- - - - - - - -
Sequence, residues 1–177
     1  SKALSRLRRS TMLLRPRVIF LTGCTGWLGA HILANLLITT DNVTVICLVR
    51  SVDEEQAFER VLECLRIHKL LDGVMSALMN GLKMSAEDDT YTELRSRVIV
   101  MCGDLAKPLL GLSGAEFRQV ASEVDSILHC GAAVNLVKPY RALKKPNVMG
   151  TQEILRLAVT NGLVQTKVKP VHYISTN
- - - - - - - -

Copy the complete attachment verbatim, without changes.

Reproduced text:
Sequence, residues 1–177
     1  SKALSRLRRS TMLLRPRVIF LTGCTGWLGA HILANLLITT DNVTVICLVR
    51  SVDEEQAFER VLECLRIHKL LDGVMSALMN GLKMSAEDDT YTELRSRVIV
   101  MCGDLAKPLL GLSGAEFRQV ASEVDSILHC GAAVNLVKPY RALKKPNVMG
   151  TQEILRLAVT NGLVQTKVKP VHYISTN